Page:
I just finished this piece this past week, which was a Christmas gift for my brother and his fiancée, for Christmas last year. We were trying to decide on an image for their piece, which took a bit of time, and once they made a final decision, I got busy!
I’ll share a bit of my process, as I get a lot of questions about it. First I start with a photo, and they gave me this image, which was taken on a camping trip on the B.C. coast.
I enlarged it to size and then printed it out, traced the main features of the image onto tracing paper, then transferred it to the gesso’d canvas.
I use acrylic paint marker to do the main outlines first.
Once that’s dry, I coat the entire canvas in Napithol Crimson, which is a brilliant red. Why red? Because I leave some of it peeking out from below the layers of paint and it adds a lot of energy to the finished piece. It also adds depth to the paint on top of it and lightens/darkens colours and honestly, I just love how it looks. It adds that extra je ne sais quois to a finished piece. It also makes for interesting colour balance depending on the light around it.
Then I start working on the main focal point and adding layers of colour.
This process is probably not a traditional process, I’m self-taught and I guess my illustration background affects my process too, as I like to finish one area almost completely, and not work the entire canvas as many painters do.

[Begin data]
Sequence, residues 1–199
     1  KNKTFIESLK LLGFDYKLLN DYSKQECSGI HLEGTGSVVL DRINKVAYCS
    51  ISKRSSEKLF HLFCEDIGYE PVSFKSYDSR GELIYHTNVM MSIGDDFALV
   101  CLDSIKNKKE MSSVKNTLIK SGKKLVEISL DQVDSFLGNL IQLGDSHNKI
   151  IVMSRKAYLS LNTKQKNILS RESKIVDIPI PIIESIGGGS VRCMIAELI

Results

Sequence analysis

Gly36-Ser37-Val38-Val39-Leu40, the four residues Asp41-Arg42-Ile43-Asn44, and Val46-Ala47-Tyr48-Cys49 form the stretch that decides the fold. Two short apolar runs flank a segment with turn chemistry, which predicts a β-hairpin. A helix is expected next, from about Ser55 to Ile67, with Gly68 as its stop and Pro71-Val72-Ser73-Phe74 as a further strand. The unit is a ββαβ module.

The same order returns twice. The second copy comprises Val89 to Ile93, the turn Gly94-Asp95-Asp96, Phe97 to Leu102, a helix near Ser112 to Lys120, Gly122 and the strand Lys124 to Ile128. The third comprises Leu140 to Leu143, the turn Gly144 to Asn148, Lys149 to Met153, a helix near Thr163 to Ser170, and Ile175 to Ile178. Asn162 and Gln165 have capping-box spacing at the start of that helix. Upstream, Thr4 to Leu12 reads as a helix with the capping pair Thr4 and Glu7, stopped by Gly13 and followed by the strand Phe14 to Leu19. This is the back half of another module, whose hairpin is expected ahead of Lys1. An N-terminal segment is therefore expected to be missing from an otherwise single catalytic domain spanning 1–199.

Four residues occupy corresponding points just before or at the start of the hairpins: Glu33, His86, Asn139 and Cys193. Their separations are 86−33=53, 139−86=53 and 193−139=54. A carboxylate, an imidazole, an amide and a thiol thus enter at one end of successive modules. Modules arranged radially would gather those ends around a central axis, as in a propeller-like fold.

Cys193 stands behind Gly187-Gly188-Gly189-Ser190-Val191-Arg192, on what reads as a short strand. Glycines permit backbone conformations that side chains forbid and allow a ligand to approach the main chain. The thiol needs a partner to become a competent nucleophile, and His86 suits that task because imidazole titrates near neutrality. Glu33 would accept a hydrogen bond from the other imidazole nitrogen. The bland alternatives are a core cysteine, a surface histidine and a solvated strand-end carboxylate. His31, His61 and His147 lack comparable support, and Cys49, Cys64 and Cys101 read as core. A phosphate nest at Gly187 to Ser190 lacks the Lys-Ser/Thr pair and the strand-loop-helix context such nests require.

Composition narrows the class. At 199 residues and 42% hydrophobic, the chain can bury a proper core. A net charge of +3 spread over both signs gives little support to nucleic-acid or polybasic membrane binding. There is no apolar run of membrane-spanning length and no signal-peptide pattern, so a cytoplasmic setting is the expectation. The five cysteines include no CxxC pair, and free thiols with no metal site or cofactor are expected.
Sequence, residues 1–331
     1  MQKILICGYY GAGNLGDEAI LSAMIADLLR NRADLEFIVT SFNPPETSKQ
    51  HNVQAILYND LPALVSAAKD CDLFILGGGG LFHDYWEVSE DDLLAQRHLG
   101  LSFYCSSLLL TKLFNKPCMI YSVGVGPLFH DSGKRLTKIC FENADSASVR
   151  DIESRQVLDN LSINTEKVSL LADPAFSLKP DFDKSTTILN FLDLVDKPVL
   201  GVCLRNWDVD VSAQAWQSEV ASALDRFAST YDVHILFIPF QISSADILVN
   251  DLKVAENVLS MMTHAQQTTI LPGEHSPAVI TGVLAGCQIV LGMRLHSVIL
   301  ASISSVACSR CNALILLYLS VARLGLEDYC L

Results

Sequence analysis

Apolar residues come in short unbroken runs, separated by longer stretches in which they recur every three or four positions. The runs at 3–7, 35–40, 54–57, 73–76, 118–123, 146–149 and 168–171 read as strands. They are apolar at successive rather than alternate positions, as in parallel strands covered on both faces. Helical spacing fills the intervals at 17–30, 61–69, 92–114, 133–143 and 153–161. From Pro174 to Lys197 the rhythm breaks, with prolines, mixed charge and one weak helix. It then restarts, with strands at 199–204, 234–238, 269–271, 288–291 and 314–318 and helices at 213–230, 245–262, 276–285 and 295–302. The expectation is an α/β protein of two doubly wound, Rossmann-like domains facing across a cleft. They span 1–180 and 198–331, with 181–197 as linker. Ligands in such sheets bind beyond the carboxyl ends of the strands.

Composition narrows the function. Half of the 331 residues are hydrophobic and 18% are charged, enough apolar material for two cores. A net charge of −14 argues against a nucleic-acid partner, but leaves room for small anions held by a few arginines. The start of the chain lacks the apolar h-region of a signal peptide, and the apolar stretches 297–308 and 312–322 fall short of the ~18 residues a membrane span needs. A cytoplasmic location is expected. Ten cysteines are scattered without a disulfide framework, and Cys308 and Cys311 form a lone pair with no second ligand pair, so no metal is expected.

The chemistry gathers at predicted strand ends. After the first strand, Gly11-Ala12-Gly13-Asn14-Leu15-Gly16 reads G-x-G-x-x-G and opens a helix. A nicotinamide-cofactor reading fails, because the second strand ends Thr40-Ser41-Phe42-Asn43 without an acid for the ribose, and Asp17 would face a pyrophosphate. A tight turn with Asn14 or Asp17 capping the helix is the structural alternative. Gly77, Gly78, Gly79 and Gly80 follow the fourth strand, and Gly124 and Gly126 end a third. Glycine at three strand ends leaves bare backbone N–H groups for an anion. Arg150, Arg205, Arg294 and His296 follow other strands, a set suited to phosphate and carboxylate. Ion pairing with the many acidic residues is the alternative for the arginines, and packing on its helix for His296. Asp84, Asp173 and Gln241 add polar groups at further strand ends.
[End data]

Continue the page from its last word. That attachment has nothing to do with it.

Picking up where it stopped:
Building layers of the piece from front to back.
Progress! I found that as I worked front to back, or closest to farthest, my brush strokes got looser, and more free. Colours blend into each other more and details get less obvious the farther away they are in the scene.
And the finished piece! I think it’s one of my best so far. You can see the red outlines and details peeking through, it adds some action and energy, and ties the entire piece together.
I’m learning with every piece I do to see pure colour and apply colour theory, like the hot yellows and oranges of the shore against the blue of the tent really zing! And deep emerald, bright turquoise, and lime green in the water and reflections add movement, depth, and sparkle. Knowing the theory of the colour wheel and really “seeing” what actual colours are in a scene and not assuming, like yes, a tree is mainly usually green, but within that green are shades of blue, yellow, burgundy, purple. Look at the shadows and determine what that colour actually is, it’s super interesting and artist geeky, lol. That’s where I’m grooving lately.
And by the way, I am available for commissions, wink wink nudge nudge… Christmas is coming! Please do feel very welcome to send me a note if you’re looking for a special piece and we can chat!